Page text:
Answering your questions around navigating risk and strategies for mitigation

During our last Rapid Response Community Call, we gathered all of the questions that participants wanted answers to, and have compiled them with answers from our guest presenters, Heather Mason from Capsian Agency and Dr. Esther Johnston from Seed Global health, as well as staff. If you have questions that aren’t answered here, please contact our Program Catalyst at We hope these help answer some of the multitudes of questions we all have right now during this time of uncertainty. 



Q: If it comes to shutting down schools, especially in larger cities, what sorts of safety nets will need to be put in place for children who have no home to go to and who rely on meal plans to get food?

A: This is subject to local guidance. Schools in many communities are closing and providing meals is a topic of discussion: Maryland And Ohio To Close Schools Statewide Due To Coronavirus

Source: NPR

Q: Curious about much smaller events, 12 person dinner parties. Is there guidance for when these should be considered high risk (among non-high risk populations.) 

A: The general guidance for high-risk populations is to minimize contact with others outside of those they share their home with. Beyond that, even gatherings of greater than 10 people are being discouraged in areas such as Seattle where there is a high degree of community transmission. See this nice article for guidance: It’s Time To Get Serious About Social Distancing. Here’s How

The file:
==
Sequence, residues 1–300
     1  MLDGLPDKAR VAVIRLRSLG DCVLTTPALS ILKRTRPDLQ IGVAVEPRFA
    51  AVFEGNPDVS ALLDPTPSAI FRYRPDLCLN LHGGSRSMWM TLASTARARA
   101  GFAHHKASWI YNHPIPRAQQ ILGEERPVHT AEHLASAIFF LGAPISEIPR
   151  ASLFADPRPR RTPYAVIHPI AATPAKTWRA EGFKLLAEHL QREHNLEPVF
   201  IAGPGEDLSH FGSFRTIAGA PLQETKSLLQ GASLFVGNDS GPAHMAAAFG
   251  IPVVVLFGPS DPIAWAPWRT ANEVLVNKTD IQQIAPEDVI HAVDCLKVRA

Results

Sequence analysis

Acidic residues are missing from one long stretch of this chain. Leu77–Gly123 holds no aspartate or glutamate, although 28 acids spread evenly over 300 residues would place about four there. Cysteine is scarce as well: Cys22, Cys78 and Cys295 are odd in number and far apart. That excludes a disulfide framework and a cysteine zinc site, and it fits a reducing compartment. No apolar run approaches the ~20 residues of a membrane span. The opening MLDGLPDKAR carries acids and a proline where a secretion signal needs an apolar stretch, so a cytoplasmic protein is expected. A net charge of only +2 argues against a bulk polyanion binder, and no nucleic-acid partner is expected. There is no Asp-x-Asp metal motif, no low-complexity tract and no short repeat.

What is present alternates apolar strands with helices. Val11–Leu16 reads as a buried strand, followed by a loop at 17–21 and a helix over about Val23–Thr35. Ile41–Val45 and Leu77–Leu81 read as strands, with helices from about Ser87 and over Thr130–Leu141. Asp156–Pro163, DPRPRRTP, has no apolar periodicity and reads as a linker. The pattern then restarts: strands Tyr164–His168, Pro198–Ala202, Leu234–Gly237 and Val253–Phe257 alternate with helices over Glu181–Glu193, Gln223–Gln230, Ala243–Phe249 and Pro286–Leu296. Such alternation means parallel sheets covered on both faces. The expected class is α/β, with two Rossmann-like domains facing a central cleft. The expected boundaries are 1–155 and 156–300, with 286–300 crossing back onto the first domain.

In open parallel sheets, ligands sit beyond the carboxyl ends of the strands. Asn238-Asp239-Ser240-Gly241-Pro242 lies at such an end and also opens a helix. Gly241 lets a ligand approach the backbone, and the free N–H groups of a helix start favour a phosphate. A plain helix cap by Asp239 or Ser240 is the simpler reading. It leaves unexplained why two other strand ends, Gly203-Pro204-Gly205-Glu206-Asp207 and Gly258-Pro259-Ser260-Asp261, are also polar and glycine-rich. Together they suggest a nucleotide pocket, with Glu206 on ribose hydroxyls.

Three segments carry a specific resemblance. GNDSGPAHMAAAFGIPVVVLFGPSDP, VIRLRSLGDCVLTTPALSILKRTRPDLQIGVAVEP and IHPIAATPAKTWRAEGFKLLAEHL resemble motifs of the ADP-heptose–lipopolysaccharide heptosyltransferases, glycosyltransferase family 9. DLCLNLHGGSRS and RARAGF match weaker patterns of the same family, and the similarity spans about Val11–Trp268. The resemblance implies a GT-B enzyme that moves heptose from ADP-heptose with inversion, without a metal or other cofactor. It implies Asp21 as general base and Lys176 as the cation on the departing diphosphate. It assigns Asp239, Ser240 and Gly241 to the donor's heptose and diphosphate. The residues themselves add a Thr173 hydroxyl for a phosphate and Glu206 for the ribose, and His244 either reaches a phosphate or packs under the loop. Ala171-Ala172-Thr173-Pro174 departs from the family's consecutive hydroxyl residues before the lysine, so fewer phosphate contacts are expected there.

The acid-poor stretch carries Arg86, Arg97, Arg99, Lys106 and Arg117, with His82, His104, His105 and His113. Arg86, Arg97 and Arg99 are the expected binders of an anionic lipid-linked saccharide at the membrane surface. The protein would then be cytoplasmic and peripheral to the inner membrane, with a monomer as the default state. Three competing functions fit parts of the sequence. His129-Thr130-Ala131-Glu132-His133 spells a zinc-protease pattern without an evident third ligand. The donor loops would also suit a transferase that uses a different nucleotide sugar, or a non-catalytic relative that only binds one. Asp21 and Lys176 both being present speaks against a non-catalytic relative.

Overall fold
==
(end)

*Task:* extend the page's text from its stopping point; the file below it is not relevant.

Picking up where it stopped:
Source: NPR 



Q: Also, I’d be interested in a LinkedIn or Facebook group for conveners to continue this sort of conversation

A: This is something we’re looking into and considering how best to implement at Stay tuned for further details. 



Q: Advice on Meetup-style events? We run monthly events with 100-200 people, but they are free and we don’t have a budget for things like setting up hand washing stations, etc.

At this point, and in most places, essentially all in-person conveying would run contrary to the public good. We’d recommend turning to Zoom or other online platforms and utilizing breakout rooms. Smaller events might even feel more intimate and be a good change of pace. 

Q: Any best practices re: collecting feedback from training participants and/or potential training participants?